I recently setup a Kubernetes cluster home lab and wanted to do it the hard-way and share it with you. I setup a home lab so I could run my smart home software and learn more about different Kubernetes networking technologies.
This blog post is broken up into several sections. Feel free to skip directly to the section that applies to you.
When I started I had a few things already:
I was already using Rancher as a UI to manage my Kubernetes clusters on my dedicated servers
I wanted a fully flat network, that means no packet encapsulation. Packet encapsulation tunnels IP packets inside of other IP packets and creates a separate IP network that runs on-top of my existing network.) I wanted all nodes, pods, and services to be fully routable on my home network. Additionally, I had several Sonos speakers and other smart-home devices that I wanted to be control from my k8s cluster which required pods that ran on the same IP network.
Docker Desktop and WSL2 are both great for development Docker projects where you use the Docker CLI, but when you try to run Kubernetes you’ll quickly run into networking issues. WSL2 and Docker Desktop can’t expose services to the rest of your network very easily because they use NAT’d network adapters. (GitHub microsoft/WSL#4150) This means you can’t expose nodes or pods as devices on the network, they will always be NAT’d to the host’s IP address. This failed my requirement.
Next up in the series, we’re going to manually configure all of the network settings to get our flat network home lab. Our flat network should not use any packet encapsulation with all pods and services fully routable to and from the existing network.
Detailed in the previous post, I want a so-called flat network because packet encapsulation tunnels IP packets inside of other IP packets and creates a separate IP network that runs on-top of my existing network.) I wanted all nodes, pods, and services to be fully routable on my home network. Additionally, I had several Sonos speakers and other smart-home devices that I wanted to be control from my k8s cluster which required pods that ran on the same subnet as my other software.
Install CNI Plugin
The CNI (Container Network Interface) plugin is responsible configuring the network adapter that each Kubernetes pod has. Since each pod usually gets a separate network namespace isolated from the host’s main network adapter, without it, no pod could make any network calls. For more information, check out cni.dev or the K8s documentation.
In my previous post series, I described how I installed my Kubernetes Home Lab using Calico and MetalLB. This worked great up until I started installing smart home software that expected to be able to do local network discovery. For example, Home Assistant and my Sonos control software both attempted to do subnet local discovery using mDNS or broadcast packets. This did not work because the pods were running on a 192.168.4.0/24 subnet, but all of my physical devices were on 192.168.2.0/24.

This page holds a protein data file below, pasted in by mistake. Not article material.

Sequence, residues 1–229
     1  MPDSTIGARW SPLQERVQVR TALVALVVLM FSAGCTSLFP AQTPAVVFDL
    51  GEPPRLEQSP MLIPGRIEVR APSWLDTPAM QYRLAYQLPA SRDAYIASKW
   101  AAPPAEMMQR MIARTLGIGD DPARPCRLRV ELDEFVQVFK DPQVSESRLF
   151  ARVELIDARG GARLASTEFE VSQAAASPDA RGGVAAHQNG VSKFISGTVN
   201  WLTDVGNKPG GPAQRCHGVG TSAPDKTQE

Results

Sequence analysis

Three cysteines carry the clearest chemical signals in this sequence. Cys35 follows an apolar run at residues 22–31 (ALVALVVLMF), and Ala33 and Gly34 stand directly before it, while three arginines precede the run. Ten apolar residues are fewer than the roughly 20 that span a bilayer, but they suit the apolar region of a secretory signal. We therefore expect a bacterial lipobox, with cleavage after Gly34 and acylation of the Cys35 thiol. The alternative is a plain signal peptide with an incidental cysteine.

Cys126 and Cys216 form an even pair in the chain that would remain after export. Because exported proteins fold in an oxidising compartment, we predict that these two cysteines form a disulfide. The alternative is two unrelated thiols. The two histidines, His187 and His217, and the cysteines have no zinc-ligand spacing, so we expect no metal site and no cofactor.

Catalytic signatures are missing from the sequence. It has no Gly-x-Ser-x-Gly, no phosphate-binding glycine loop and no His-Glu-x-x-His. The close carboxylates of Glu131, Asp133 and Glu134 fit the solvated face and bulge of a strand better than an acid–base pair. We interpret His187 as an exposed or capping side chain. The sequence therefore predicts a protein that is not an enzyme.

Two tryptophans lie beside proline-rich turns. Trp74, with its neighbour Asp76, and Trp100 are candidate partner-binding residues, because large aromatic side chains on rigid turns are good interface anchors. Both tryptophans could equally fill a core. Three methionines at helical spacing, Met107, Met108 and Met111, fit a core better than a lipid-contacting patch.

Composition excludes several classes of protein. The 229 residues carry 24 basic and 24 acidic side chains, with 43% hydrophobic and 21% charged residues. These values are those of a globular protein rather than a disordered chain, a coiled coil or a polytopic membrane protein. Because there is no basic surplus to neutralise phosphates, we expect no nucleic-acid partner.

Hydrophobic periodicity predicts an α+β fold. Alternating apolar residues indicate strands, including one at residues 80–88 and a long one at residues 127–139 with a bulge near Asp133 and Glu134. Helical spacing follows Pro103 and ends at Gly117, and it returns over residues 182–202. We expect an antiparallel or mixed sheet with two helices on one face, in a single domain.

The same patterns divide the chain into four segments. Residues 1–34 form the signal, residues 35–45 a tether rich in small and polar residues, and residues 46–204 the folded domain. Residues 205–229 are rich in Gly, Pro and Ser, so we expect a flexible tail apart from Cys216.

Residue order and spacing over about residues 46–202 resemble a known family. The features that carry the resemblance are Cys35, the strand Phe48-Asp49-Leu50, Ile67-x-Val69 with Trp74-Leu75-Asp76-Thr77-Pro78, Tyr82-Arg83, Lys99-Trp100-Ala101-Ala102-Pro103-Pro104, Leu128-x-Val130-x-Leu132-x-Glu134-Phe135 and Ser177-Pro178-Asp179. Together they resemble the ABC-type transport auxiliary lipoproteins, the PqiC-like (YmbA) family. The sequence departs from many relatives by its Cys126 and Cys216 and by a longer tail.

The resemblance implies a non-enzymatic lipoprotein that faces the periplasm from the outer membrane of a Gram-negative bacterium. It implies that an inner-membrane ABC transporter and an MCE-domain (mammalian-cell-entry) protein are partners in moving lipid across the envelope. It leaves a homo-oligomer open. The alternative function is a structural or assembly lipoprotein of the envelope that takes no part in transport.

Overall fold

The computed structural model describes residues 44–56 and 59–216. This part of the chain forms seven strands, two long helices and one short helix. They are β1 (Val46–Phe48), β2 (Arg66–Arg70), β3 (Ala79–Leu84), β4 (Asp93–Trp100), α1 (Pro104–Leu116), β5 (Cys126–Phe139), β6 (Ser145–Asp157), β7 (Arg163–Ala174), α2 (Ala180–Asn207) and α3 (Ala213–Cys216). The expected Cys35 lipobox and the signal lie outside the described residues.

This prevented Home Assistant from discovering any devices and had to be fixed.
In the previous post, we end up abusing subnets and routing to get Calico to exist on the correct subnet, but what if we could get rid of Calico’s duplicate IPAM system and just depend on our existing DHCP server to handle reservations? In this post, we’re going to prototype a cluster that uses DHCP + layer 2 Linux bridging to avoid the complications outlined in Part 3.
This avoids overlapping IPAM problems with the previous solution and means that the DHCP server already running on my network would be responsible for handing out IP addresses directly to the containers.
In the previous post (DHCP IPAM), we successfully got our containers running with macvlan + DHCP. I additionally installed MetalLB and everything seemingly worked, however when I tried to retroactively add this to my existing Kubernetes home lab cluster already running Calico, I was not able to access the Metallb service. All connections were timing out.
A quick Wireshark packet capture of the situation exposed this problem:
The SYN packet from my computer made it to the container (LB IP 19188.8.131.52), but the responding SYN/ACK packet that came back had a source address of 192.168.2.76 (the pod’s network interface.) This wouldn’t work because my computer ignored it because it didn’t belong to an active flow.
In previous posts, I leveraged the MACvlan CNI to provide the networking to forward packets between containers and the rest of my network, however I ran into several issues rooted from the fact that MACvlan traffic bypasses several parts of the host’s IP stack including conntrack and IPTables. This conflicted with how Kubernetes expects to handle routing and meant we had to bypass and modify IPTables chains to get it to work.
While I got it to work, there was simply too much wire bending involved and I wanted to investigate alternatives to see if anything was able to fit my requirements better. Let’s consider the bridge CNI.